A study recently published in the British Journal of Sports Medicine suggests that body checking causes fewer injuries than run-of-the-mill accidents in ice hockey.
The results of the University of Buffalo study showed that unintentional contacts accounted for 66.0% of overall injuries compared with 34.0% from intentional contacts and that serious injury such as fractures, dislocations and concussions resulted more often from such unintentional collisions.
The findings were based on a five-year study of approximately 3000 boys aged 4-18 years who played in three levels of competition – house, select and representative – in Burlington, Ontario. This represented 13,292 player years. There were 247 reported injuries.
The study is garnering considerable media attention. At a time when youth leagues are reconsidering their position on body checking, this report is fodder for those who wish to keep it in the game.
It is in contrast to a study by Carolyn Emery PhD, associate professor of sport epidemiology at the University of Calgary, published in the June 9 issue of the Journal of the American Medical Association which showed that 11-12 year old hockey players who played in leagues that allowed body checking had a 3-fold increased risk of game-related injuries, including severe injuries and severe concussions, compared to those who played in leagues which did not allow body checking.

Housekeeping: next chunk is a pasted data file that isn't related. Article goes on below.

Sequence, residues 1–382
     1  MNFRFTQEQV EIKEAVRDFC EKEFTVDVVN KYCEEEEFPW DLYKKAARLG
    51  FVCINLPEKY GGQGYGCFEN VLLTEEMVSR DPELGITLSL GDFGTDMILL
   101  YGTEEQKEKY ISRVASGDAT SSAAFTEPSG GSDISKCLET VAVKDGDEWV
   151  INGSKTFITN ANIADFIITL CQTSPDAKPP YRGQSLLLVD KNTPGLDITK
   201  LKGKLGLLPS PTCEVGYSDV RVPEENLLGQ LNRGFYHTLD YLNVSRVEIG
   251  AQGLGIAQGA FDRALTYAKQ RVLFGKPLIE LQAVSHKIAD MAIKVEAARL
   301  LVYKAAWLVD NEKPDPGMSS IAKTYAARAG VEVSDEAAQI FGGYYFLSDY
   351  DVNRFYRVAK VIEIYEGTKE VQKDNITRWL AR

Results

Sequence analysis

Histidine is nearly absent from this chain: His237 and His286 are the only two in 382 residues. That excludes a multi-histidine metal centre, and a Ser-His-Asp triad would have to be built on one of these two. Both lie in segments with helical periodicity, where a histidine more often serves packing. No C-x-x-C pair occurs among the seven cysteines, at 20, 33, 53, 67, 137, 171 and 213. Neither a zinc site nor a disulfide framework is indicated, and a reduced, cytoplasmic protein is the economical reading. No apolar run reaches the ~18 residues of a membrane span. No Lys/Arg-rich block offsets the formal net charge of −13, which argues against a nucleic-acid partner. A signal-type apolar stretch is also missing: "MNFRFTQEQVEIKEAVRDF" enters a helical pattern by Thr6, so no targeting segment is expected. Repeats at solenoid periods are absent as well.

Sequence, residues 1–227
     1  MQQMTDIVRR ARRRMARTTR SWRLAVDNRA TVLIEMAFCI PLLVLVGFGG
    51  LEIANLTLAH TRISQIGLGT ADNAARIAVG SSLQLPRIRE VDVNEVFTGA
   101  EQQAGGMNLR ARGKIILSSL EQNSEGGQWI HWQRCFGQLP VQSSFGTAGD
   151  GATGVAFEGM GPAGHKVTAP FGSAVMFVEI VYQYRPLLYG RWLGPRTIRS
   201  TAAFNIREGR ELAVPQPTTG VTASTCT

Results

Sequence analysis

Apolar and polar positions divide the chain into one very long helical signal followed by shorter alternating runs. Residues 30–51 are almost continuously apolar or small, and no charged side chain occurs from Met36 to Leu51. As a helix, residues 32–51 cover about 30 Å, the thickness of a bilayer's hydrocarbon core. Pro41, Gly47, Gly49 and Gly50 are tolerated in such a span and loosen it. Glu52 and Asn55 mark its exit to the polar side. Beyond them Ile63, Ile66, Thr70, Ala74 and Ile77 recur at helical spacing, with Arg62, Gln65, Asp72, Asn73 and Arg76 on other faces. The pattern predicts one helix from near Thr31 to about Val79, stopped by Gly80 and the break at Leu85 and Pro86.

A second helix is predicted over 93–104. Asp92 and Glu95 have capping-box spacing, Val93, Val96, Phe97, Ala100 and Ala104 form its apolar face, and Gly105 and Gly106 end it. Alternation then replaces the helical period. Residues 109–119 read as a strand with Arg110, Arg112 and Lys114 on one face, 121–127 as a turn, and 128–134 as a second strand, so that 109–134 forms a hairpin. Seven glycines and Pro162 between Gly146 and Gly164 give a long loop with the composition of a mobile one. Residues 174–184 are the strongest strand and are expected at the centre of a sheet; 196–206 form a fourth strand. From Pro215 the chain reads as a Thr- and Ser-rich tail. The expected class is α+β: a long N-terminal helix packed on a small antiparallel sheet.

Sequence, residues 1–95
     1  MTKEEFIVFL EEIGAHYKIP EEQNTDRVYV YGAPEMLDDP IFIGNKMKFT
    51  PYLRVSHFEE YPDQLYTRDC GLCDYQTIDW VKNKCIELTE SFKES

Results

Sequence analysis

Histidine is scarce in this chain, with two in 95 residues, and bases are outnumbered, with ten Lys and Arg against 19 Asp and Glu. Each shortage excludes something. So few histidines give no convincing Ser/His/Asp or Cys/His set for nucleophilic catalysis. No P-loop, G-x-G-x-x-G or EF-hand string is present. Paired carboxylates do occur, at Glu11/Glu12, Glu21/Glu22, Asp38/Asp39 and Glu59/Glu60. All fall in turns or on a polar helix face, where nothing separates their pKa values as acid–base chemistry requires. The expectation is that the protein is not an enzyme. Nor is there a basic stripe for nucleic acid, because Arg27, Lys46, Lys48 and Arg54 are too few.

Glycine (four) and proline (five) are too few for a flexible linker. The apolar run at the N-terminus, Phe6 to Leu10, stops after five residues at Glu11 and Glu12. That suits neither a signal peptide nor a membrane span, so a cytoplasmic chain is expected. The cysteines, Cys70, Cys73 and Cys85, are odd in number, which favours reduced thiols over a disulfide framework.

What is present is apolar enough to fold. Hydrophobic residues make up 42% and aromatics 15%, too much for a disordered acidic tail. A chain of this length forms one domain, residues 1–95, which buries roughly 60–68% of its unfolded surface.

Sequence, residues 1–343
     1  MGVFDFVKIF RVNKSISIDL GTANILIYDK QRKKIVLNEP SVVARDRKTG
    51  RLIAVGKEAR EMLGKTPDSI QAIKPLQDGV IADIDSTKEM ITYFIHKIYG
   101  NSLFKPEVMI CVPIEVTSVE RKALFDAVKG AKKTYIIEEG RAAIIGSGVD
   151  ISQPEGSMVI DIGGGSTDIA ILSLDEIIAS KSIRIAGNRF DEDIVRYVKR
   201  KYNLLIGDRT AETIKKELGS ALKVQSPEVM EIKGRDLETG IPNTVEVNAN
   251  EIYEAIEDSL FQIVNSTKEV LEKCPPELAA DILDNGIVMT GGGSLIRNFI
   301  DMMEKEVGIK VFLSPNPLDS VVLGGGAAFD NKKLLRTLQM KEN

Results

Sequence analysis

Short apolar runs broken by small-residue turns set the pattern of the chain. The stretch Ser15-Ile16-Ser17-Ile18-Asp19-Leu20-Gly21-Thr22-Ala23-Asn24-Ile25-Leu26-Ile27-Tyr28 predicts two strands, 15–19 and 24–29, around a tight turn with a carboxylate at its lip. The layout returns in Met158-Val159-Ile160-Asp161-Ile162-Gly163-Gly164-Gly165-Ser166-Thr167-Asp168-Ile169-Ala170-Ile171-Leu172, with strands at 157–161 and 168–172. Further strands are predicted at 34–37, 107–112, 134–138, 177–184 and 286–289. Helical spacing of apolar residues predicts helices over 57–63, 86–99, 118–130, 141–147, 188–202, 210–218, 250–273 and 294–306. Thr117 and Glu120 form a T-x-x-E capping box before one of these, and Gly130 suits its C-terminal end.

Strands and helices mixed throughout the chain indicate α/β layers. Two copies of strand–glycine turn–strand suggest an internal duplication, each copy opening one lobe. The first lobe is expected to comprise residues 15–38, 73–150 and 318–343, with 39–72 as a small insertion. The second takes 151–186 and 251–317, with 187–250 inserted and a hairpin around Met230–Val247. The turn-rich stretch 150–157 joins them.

Dr. Emery estimates that if body checking were eliminated in 11-12 year old ice hockey that there would be 1000 fewer injuries and 400 fewer concussions in Alberta alone.
Notwithstanding these findings, University of Buffalo professor of psychiatry and rehabilitation sciences Barry Willer PhD of the BJSM study minimizes the impact of body checking to kids’ health and says that ‘There is an image of body checking as a form of violence that is condoned by the game of hockey [which it is]. However, this study found that body checking did not account for a large proportion of injuries.’
This is all important stuff.
But it is equally important to distinguish between those risks truly inherent and integral to the game and those which are manufactured. There is a difference between getting hit by a puck or accidentally colliding with another player versus getting taken out of the game and into a hospital as a result of a check from behind or a blind hit.
On a different note, it is curious that American researchers are studying Canadian children playing their national winter sport and publishing their results in a British medical journal.